Predictors of functional recovery in adults with posterior fossa ependymomas

Clinical article

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  • 1 Division of Neurological Surgery,
  • 2 Section of Neuropathology, and
  • 3 Barrow Brain Tumor Research Center, Barrow Neurological Institute, St. Joseph's Hospital and Medical Center, Phoenix, Arizona
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Object

After complete resection and radiation therapy, the 10-year overall survival rates for adult patients with posterior fossa ependymomas approach 85%. This favorable outcome profile emphasizes the critical importance of functional preservation to this patient population. Here, the authors identify predictors of functional outcome following microsurgical resection of adult posterior fossa ependymomas.

Methods

The authors identified adult patients with newly diagnosed WHO Grade II posterior fossa ependymomas who underwent microsurgical resection at the Barrow Neurological Institute from 1990 to 2011. Clinical and radiographic variables were collected, including volumetric extent of resection, foramen of Luschka extension, cystic changes, peritumoral T2 signal changes, Karnofsky Performance Scale (KPS) score, National Institutes of Health Stroke Scale (NIHSS) score, progression-free survival (PFS), and overall survival (OS).

Results

Forty-five patients were identified, with a median clinical follow-up of 103 months. The median PFS and OS were 6.8 and 8.6 years, respectively. Extent of resection and adjuvant radiotherapy were predictive of improved PFS (p = 0.005) and were nonsignificantly associated with improved OS. Univariate analysis revealed that tumor size (p < 0.001), cystic changes (p < 0.01), postoperative T2 signal (p < 0.01), and CSF diversion (p = 0.048) predicted functional and neurological recovery rates, based on KPS and NIHSS scores, respectively. Multivariate regression analysis identified tumor size (p < 0.001), cystic changes (p = 0.01), and CSF diversion (p = 0.02) as independent predictors of slower functional recovery, while only tumor size (p = 0.007) was an independent predictor of neurological recovery. Specifically, by 6 weeks postoperatively, baseline KPS score was recovered by only 43.8% of patients with tumors larger than 30 cm3 (vs 72.4% patients with tumors < 30 cm3), 35.3% of patients with cystic tumors (vs 78.6% of patients with noncystic tumors), and 46.7% of patients requiring CSF diversion (vs 70% of patients not requiring CSF diversion).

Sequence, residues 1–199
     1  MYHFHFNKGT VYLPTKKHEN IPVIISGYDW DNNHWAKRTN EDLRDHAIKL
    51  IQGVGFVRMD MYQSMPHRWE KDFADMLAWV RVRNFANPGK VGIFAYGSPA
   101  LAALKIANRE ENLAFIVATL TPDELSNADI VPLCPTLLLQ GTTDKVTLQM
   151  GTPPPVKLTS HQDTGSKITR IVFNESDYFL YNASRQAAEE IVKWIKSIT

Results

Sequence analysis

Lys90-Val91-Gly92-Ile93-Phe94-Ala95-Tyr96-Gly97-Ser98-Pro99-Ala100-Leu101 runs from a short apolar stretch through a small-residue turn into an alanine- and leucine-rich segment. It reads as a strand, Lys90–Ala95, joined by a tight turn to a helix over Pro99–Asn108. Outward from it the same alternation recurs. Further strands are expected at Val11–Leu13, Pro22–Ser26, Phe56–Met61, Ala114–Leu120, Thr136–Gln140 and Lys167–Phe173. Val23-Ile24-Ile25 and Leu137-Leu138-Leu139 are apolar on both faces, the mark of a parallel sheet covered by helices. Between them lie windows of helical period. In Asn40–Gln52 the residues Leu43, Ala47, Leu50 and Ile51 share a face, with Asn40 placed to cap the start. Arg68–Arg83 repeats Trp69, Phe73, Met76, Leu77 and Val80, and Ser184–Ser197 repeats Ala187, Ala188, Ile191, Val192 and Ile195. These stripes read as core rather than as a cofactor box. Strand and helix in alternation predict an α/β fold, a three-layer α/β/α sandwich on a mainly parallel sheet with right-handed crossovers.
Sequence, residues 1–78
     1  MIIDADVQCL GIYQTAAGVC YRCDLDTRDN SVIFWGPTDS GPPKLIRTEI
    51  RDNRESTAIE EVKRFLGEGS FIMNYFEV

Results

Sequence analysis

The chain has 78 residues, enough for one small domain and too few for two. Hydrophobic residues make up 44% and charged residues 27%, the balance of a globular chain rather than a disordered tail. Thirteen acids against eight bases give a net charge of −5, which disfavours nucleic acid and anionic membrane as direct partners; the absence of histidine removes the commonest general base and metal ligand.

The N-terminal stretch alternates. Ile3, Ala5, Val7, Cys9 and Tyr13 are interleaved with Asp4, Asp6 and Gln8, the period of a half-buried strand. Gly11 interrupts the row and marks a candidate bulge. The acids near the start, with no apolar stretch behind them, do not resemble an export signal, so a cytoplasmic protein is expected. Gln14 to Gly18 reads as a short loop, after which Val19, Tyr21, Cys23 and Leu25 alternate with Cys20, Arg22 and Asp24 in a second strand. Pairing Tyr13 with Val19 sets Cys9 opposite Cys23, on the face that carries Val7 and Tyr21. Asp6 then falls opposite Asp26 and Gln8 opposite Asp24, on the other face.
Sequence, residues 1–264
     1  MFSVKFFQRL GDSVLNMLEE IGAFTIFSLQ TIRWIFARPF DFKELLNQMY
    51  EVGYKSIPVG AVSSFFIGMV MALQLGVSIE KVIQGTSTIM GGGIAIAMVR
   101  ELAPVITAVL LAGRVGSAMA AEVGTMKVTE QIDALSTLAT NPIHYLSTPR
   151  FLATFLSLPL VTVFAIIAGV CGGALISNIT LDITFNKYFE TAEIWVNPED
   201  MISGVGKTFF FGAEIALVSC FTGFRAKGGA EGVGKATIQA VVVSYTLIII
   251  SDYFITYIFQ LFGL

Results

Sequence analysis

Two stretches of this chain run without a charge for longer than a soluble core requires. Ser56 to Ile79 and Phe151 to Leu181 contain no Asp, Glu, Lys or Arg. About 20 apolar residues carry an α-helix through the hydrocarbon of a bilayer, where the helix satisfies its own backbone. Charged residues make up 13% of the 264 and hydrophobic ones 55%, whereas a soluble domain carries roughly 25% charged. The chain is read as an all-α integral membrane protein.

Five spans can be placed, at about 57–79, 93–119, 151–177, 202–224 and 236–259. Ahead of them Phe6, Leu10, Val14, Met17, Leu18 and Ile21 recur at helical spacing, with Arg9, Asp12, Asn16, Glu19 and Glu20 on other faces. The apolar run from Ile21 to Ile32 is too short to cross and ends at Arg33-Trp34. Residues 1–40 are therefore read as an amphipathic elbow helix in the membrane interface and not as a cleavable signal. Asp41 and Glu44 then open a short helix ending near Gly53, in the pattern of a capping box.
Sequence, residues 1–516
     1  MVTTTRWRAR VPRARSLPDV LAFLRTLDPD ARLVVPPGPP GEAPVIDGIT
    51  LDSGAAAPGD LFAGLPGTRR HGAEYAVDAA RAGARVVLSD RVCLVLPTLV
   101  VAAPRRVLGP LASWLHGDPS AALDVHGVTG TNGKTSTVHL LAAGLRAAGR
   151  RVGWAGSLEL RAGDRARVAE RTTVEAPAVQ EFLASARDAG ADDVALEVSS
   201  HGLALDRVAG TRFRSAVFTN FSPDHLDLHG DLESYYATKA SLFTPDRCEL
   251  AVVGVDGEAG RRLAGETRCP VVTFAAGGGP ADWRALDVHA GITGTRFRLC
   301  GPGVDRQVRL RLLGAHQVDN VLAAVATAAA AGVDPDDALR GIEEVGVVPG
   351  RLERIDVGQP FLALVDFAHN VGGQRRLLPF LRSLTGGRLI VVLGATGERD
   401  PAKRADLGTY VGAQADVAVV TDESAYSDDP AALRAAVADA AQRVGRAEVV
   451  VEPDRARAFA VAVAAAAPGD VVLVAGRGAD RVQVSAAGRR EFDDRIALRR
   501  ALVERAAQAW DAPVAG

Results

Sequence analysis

Conclusions

Greater extent of resection and adjuvant radiotherapy significantly improve PFS in adult patients with posterior fossa ependymomas. Tumor size, cystic changes, and the need for CSF diversion were independent predictors of the rate of functional recovery in this patient population. Taken together, these functional outcome predictors may guide preoperative estimations of recovery following microsurgical resection.

Abbreviations used in this paper:EOR = extent of resection; GTR = gross-total resection; KPS = Karnofsky Performance Scale; NIHSS = National Institutes of Health Stroke Scale; OS = overall survival; PFS = progression-free survival; STR = subtotal resection.

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Contributor Notes

Address correspondence to: Nader Sanai, M.D., c/o Neuroscience Publications, Barrow Neurological Institute, St. Joseph's Hospital and Medical Center, 350 W. Thomas Rd., Phoenix, AZ 85013. email: Neuropub@dignityhealth.org.

Please include this information when citing this paper: published online February 28, 2014; DOI: 10.3171/2014.1.JNS131590.

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